“Oh, nonsense,” her grandmother waved a dismissive hand. “Your mother has found time. I found time. You always find time for what’s important.”

Sheila gazed at the floor. It needed vacuuming, badly. “I can’t keep up the house. And what if Eric leaves me?”

“Eric can help with the house—I’m sure he won’t mind. And he’s not your father, Sheila. Or your stepfather. Eric is a good man. You have better taste than your mother.”

Sheila raised a startled glance at her grandmother. The older woman smiled. “You won’t tell her I said that, will you?”

“No, of course not,” Sheila said. She leaned over and kissed her grandmother’s cheek. “I love you, Grandma.”

“I love you too, but please don’t hide from life behind me,” her grandmother said, returning the kiss. “Promise me.”

“I’ll try,” Sheila said.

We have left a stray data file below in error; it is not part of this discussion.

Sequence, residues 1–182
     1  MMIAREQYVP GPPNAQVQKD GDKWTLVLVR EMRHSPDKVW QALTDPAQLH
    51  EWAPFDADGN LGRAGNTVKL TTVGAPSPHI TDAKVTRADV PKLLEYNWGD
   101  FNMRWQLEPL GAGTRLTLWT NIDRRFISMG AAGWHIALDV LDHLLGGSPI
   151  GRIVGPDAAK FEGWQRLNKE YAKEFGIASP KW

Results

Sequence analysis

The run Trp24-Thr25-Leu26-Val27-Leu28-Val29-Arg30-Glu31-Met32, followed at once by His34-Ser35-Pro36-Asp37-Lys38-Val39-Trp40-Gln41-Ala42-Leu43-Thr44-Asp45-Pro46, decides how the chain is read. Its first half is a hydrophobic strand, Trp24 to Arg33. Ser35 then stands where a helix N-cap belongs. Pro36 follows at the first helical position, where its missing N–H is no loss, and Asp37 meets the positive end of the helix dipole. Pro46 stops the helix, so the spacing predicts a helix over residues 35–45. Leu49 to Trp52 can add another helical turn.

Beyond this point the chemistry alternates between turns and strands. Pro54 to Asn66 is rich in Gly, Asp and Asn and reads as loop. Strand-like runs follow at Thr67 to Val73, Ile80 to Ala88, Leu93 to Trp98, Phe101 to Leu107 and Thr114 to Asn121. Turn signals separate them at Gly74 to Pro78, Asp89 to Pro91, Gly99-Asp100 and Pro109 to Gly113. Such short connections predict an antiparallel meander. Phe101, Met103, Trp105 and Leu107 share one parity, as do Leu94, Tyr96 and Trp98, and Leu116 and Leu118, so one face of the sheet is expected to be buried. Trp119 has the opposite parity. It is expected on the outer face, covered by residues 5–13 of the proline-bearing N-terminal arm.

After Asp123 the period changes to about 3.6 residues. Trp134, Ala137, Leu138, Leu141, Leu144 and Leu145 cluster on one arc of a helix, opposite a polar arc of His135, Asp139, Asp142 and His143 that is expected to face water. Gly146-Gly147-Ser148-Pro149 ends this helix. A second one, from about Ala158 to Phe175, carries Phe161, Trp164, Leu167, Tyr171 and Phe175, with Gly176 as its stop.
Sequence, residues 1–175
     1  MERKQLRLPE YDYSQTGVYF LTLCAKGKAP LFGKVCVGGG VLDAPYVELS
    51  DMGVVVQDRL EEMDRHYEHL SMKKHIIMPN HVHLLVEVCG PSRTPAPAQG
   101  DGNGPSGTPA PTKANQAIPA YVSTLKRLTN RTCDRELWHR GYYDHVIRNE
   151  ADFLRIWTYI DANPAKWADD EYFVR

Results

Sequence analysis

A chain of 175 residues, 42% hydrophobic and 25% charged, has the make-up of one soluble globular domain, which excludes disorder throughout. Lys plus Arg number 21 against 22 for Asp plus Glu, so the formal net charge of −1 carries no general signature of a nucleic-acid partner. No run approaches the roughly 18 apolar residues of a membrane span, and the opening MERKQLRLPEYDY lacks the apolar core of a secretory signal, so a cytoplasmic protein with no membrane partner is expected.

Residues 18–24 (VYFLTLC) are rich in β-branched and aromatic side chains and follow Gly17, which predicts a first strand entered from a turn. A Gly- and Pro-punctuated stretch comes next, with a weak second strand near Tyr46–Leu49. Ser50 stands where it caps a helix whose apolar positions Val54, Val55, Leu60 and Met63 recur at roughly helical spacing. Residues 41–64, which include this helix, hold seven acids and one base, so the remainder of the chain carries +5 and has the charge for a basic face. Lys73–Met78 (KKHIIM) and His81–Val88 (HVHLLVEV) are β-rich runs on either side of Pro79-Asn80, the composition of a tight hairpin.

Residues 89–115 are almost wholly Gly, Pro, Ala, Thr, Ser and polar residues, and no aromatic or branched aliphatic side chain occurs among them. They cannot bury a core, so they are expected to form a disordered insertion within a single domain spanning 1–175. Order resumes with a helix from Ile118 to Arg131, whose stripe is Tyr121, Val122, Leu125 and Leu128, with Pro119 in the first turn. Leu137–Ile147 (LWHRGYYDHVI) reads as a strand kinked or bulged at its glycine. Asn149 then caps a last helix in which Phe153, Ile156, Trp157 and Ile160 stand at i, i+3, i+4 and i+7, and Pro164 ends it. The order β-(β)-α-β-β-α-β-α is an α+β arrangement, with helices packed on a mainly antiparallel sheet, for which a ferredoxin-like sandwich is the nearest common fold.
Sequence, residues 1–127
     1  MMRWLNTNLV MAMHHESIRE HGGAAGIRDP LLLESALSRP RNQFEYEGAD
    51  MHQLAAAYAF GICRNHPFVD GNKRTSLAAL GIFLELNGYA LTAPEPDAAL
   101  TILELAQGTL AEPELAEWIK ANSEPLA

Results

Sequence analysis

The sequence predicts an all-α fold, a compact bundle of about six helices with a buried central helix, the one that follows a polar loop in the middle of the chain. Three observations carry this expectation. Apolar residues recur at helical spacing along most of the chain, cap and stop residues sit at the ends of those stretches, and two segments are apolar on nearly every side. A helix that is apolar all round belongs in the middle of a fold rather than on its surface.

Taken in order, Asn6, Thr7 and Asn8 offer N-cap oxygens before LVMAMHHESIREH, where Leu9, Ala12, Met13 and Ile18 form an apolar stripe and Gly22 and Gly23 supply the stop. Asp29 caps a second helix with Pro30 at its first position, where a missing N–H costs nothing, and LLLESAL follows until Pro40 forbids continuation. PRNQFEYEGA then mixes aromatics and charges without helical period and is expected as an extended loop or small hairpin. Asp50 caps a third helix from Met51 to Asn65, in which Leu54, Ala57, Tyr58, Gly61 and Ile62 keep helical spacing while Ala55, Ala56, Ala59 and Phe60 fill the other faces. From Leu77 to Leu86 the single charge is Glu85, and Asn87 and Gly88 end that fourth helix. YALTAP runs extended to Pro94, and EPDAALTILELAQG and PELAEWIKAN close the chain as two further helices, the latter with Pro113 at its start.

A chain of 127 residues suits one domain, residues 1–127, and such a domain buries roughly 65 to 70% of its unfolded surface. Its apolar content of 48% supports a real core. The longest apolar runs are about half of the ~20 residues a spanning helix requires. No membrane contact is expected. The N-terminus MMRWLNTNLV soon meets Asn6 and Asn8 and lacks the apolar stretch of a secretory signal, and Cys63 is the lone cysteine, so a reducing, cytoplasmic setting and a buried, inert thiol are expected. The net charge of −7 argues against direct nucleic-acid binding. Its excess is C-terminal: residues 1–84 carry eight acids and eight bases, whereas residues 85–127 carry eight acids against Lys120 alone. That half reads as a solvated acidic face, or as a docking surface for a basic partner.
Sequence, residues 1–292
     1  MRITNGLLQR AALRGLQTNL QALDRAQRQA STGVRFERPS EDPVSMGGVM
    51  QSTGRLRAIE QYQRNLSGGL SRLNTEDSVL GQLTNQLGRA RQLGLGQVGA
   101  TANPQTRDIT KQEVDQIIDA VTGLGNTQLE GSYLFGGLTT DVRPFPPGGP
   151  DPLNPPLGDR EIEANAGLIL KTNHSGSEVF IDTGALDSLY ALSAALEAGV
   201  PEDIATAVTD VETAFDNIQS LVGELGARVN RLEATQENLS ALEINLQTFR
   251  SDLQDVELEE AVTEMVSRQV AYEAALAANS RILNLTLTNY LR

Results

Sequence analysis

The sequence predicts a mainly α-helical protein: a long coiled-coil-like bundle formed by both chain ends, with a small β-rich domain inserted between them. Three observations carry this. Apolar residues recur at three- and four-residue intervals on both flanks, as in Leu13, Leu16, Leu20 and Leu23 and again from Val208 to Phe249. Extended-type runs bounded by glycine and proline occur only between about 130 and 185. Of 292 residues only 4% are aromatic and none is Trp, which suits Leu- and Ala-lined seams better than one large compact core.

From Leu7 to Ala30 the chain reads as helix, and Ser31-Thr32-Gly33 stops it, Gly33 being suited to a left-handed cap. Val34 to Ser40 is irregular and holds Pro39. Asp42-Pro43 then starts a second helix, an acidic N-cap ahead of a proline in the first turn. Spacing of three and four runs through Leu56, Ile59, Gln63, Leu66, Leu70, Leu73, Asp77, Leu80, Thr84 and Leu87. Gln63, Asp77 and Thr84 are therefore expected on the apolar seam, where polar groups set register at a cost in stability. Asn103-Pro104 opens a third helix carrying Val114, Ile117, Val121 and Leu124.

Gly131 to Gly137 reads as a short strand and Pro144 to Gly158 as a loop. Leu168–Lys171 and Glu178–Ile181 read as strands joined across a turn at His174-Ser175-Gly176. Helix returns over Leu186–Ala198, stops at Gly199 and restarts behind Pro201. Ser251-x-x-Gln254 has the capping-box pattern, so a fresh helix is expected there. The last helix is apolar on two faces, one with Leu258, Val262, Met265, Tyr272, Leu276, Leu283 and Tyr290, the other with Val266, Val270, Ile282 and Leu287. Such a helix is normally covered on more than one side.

“That’s all I ask,” her grandmother said, laying back and closing her eyes. “Good night, sweetheart.”

“Night,” Sheila said. She checked to make sure her grandmother’s mug was filled with water and then left the room, quietly shutting the door behind her.

The rain would help cool things, she hoped. As she headed to the kitchen to get something cold to drink, the doorbell rang. Gerry, who had been drowsing on his round brown pillow in the living room, immediately began barking.

Wondering who was on her doorstep at 9:45 P.M., Sheila paused before opening the door. “Yes?”

“It’s Eric.”

She pulled the door open to reveal Eric standing dripping on the front porch. Lightning flashed in the sky behind him, followed a few seconds later by a roll of thunder. Gerry, who’d come to the door as she opened it, whined in protest at the sound.

“Wait there,” she told him. She hurried to the small laundry room just off the kitchen and pulled two green towels from the dryer. She brought them back to the front door and handed them to Eric, who was busy petting Gerry. “I thought you were going to call.”

He shrugged as he rubbed his hair vigorously with the towel. “I happened to be nearby, thought I’d stop in. I knew you’d be up.”

She frowned. “Is everything okay?”